Praying up to God that Yeezy see me
Mopeds for the team, check the scenery
In the Louis store, got my name in the system
Fucked that bitch so good, I saw my name in her pussy
I’m a real nigga, I don’t play with you pussies
I’m only talkin bitches when I play with some pussy
Only speaking real, nigga hope that you feel me
Outfit crazy, nigga hope that you see me
BET Awards, nigga what’s up baby
Flyest freshman with a swag from the 80s
Maybe the 90s
Don’t care if you like me
Every nigga doubt me, but you just wanna sign me
I don’t get lucky, I got impeccable timing
I said all real gold, nigga fuck them diamonds
The nigga with the ugly mouth got hoes smiling

Further along in the song, he throws out a few “Martin” references and eschews anyone thinking that he’s in need of a handout or thirsty for a hit. One could argue that he has no qualms about getting those royalty checks for Bruno Mars and Mark Ronson’s “Uptown Funk” though, but that’s neither here nor there. The “Nigga, nigga, nigga” horns are amazing on that song, by the way. Mr. “Tuesday” himself, ILoveMakonnen makes an appearance on the Sonny Digital-produced “H.O.M.E.,” a bass-heavy number that’s strictly aimed at the haters and dares to ask the question “Why they hatin on me?” If you hear a track and someone’s yelling as if they were simultaneously possessed by Ric Flair and the Holy Ghost and had one chance to figure out who it was — you guessed it, OG Maco would be the answer. He makes an appearance on “ALLAU” and the spirit even finds its way into Trinidad as he does a bit of his own yelling. The upbeat “Definition of a F#%@ Nigga” finds James joined by Problem and Lil Debbie as the trio each cast disapproval upon those who don’t have their own means of surviving and endlessly use others to get by in addition to being clingy losers. Trinidad does his best to alleviate women of such said problems by convincing her to choose him instead, as he raps:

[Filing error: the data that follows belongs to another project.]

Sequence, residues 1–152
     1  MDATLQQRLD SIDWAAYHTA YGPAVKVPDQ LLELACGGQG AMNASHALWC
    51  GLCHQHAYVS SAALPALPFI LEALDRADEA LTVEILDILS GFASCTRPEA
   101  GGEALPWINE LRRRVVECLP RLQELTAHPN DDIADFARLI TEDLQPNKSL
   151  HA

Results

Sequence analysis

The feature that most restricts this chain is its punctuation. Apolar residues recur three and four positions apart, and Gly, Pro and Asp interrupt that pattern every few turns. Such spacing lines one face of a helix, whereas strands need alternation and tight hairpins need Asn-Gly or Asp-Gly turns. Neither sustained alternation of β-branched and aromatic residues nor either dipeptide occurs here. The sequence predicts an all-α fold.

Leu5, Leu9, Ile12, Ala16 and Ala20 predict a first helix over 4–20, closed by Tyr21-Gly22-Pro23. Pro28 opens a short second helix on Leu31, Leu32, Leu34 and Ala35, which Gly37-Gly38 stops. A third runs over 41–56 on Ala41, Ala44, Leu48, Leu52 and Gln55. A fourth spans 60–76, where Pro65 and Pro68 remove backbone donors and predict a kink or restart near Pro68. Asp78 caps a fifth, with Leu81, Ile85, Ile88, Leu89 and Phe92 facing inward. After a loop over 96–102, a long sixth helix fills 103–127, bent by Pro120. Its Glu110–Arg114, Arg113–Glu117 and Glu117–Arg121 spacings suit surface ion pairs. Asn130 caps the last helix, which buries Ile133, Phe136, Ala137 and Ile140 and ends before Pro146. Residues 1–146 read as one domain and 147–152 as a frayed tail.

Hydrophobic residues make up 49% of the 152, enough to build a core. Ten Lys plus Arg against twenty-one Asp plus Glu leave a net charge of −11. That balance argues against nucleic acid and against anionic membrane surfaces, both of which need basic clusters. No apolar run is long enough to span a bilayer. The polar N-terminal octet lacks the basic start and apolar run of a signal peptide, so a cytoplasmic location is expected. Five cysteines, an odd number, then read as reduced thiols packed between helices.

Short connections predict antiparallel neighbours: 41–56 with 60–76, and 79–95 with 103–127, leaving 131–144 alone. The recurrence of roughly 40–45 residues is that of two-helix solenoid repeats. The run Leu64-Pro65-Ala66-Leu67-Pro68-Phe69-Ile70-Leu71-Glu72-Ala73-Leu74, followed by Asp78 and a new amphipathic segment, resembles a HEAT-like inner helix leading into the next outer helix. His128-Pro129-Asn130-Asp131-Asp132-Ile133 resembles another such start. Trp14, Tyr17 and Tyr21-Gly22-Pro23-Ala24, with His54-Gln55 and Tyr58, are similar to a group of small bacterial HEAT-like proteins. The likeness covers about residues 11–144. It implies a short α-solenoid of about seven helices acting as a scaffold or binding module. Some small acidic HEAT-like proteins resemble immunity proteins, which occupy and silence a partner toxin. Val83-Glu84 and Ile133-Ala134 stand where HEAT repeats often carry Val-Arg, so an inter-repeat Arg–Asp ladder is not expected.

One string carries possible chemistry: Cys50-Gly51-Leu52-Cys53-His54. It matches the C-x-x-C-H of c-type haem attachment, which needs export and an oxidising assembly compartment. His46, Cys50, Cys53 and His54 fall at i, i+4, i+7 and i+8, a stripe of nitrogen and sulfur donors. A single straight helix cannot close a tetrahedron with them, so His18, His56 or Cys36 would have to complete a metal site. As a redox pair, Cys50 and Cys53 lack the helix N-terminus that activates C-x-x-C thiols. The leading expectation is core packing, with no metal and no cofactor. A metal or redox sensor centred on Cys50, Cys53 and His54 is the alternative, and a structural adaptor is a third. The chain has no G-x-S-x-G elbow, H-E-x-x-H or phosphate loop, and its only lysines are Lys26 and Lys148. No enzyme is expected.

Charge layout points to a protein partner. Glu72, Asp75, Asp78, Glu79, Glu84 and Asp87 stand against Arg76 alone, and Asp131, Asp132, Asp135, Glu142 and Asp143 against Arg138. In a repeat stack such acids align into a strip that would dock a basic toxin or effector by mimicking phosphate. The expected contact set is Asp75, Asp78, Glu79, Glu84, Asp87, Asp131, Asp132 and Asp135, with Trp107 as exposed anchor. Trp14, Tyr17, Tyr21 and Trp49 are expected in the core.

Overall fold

“And ever since she met me, she tell me I’m a blessing
And every time he call her, that nigga there be stressing
Send him to the voice-mail, nigga leave a message
She don’t pick the phone up, nigga get to texting
Real live fuck nigga, by the definition
Calling from a block number, nigga you a pussy
When you walk by man, know that we be looking
And if she give it up, you better know that we fucking